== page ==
218577 Effect of waiting for primary care on diabetes management

Tuesday, November 9, 2010 : 1:00 PM - 1:15 PM

Julia C. Prentice, PhD , Health Care Financing and Economics, Boston VA Healthcare System, Boston, MA
Steven D. Pizer, PhD , Health Care Financing and Economics, Department of Veterans Affairs, Boston, MA
The Institute of Medicine's Committee on the Quality of Health Care in America highlighted reducing delays for healthcare as one way to improve the quality of America's health care system. Delayed access to health care is assumed to negatively affect health outcomes through decreased or foregone health care utilization that delays diagnosis and treatment. The few studies to examine this assumption confirm these concerns by finding a significant association between longer waits for healthcare and health outcomes, such as mortality and ambulatory care sensitive condition (ACSC) hospitalizations, among a geriatric sample of veterans. This study enhances our understanding of the effect of wait times on health outcomes by focusing on a clinically homogeneous population of patients diagnosed with diabetes. Complications from diabetes can be prevented or minimized with timely outpatient care that focuses on controlling blood glucose (HbA1C levels) and monitoring early signs of complications. The sample included veterans diagnosed with diabetes who relied exclusively on the VA for outpatient care in 2001. The main explanatory variable of interest was VA facility-level primary care wait times. Long-term health outcomes include mortality, heart attack, stroke and ACSC hospitalization. The short-term health outcome was the percent of glycated hemoglobin (HbA1C) in the blood. Stacked logistic regression models predicted the probability of experiencing each health outcome in 2002 and 2003 with wait time as a predictor. Models were risk adjusted for prior individual health status and included facility-level fixed effects. Longer wait times were significant predictors of mortality, heart attack and ACSC hospitalization for veterans aged 80 or older. No relationship was found between wait times and long-term health outcomes for other age groups. Longer wait times were significantly associated with higher HbA1C values among all age groups. Longer wait times for primary care have a significant negative impact on short and long-term health outcomes among patients diagnosed with diabetes. Outside of the VA, patients in the United States have not traditionally experienced rationing by waiting lists because the uninsured and underinsured receive rationed care through their inability to pay. However, a major expansion of health insurance is currently being proposed in Congress. This expansion without the concomitant expansion in supply of health care services to respond to the increased demand will result in longer waits for all patient populations. Policymakers should begin considering measures to manage wait times and ways to provide appropriate populations, such as those with chronic disease, priority access.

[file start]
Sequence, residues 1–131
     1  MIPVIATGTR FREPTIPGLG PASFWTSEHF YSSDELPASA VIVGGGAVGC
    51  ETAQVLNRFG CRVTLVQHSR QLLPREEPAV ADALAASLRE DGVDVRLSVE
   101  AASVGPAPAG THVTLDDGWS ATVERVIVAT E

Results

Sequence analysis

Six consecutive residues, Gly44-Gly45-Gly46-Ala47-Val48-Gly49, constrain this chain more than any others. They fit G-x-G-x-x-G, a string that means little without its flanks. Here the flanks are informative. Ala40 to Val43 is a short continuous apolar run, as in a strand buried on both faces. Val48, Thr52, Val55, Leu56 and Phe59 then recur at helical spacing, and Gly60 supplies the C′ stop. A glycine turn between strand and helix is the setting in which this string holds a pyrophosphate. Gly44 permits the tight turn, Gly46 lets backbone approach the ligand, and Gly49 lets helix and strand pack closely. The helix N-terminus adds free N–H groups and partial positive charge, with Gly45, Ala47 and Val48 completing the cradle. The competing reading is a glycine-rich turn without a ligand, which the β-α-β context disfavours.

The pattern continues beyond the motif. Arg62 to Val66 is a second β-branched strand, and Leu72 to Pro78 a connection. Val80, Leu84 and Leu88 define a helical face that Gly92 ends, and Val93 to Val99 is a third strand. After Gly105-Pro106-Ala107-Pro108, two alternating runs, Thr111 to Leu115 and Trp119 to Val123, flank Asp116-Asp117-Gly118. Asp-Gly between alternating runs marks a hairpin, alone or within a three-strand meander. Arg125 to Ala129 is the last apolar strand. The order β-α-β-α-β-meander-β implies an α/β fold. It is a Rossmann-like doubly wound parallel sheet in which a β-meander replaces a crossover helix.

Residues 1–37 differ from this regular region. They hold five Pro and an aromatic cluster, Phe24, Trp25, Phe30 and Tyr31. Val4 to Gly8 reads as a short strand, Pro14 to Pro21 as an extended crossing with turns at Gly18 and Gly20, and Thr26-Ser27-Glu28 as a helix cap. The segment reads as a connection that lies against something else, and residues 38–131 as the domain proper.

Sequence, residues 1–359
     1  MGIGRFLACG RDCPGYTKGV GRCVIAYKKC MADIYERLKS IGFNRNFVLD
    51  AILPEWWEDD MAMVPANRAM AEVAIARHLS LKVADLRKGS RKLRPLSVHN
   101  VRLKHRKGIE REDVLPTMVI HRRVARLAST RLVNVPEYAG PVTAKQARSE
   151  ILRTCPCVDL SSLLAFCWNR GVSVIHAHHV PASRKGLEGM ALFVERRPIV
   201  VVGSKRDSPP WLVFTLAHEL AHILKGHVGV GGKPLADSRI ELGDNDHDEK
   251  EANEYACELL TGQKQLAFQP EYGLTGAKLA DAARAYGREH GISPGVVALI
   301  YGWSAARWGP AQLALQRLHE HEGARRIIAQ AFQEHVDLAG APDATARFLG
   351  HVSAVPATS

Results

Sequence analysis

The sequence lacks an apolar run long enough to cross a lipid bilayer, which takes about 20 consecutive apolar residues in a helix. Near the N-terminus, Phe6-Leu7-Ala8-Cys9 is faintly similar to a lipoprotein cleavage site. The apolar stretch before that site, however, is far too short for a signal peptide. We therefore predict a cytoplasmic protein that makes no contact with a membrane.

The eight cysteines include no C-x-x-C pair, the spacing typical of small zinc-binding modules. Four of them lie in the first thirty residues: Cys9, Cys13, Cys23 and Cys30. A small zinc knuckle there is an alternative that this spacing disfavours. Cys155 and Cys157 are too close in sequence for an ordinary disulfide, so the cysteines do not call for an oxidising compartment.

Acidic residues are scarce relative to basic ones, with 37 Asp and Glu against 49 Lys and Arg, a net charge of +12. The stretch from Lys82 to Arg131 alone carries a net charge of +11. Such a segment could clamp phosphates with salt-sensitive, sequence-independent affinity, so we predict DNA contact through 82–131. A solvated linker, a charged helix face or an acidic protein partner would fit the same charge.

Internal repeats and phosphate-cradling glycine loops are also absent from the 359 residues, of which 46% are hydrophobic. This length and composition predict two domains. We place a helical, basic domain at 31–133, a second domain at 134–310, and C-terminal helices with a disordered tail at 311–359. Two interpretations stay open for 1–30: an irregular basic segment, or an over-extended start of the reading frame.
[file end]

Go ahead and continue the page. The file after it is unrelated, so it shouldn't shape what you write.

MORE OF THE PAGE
Learning Areas:
Chronic disease management and prevention
Public health or related public policy

Learning Objectives:
1) List four health outcomes affected by long waits for primary care

Keywords: Access, Outcome Measures

Presenting author's disclosure statement:

Qualified on the content I am responsible for because: as a health services researcher I specialize in research focusing on access to health care and health outcomes.
Any relevant financial relationships? No

I agree to comply with the American Public Health Association Conflict of Interest and Commercial Support Guidelines, and to disclose to the participants any off-label or experimental uses of a commercial product or service discussed in my presentation.

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